A Tasman Peninsula Dusky Antechinus (Photo: University of Queensland)
The antechinus, the tiny Australian marsupial that looks like a cute-enough cross of a rat and a mole (if moles could hop), has a very strange sex life. In the summer, these creatures spend about two or three weeks “speed-mating”—a frenzy of copulation that leaves the males, as one scientist puts it, ”physically disintegrating.” The stress hormones they work up trying to have as much sex as possible end up destroying the males’ immune systems, and they die, leaving the local supply of delicious insects to their offspring.
The antechinus was first discovered in 1803, and for many years there were though to be only two species. But scientists at the University of Queensland have been pushing to discover “cryptic taxa” among the antechini, and they’ve now identified two additional species—Tasman Peninsula Dusky Antechinus and the Mainland Dusky Antechinus—bringing their total of antechinus species discovered up to five.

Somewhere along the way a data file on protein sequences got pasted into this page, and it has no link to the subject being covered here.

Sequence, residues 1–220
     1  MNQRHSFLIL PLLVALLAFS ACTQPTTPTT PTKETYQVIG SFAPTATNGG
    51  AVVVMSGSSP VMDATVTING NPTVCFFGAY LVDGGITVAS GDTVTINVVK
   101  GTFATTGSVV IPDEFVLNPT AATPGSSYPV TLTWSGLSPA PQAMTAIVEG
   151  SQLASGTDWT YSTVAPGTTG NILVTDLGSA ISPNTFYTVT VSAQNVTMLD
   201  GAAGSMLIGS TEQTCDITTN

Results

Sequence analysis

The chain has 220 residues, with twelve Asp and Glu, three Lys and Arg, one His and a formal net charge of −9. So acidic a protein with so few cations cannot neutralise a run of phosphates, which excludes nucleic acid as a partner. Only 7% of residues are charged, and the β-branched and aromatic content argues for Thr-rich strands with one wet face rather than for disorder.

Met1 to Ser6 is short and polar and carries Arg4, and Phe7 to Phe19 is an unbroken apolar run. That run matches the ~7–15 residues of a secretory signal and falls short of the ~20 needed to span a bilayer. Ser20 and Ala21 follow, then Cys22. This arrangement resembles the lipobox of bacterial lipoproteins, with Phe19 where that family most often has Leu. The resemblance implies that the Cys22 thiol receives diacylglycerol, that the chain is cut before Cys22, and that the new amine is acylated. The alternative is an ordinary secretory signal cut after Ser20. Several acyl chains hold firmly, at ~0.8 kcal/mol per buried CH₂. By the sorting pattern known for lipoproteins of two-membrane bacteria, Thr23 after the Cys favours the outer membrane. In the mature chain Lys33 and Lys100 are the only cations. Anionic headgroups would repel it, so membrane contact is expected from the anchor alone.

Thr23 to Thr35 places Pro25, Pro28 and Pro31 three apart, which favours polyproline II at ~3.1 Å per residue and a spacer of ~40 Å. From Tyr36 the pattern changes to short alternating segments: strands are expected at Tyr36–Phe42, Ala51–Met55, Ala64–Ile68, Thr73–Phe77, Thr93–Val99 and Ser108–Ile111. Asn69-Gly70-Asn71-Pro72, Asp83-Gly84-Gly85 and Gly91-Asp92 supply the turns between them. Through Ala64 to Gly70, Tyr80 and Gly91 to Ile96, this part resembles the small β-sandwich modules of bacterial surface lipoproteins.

Like many species newly described by science, these are relatively rare and at risk of disappearing altogether. These live on mountains in southeast Queensland, in “perhaps the smallest distributions of any Australian mammal.” Their sex frenzy, in this context, isn’t necessarily an advantage: it means that the species’ survival depends entirely on the next generation—every year, the antechinus females need to produce enough males for the deadly orgy to come.
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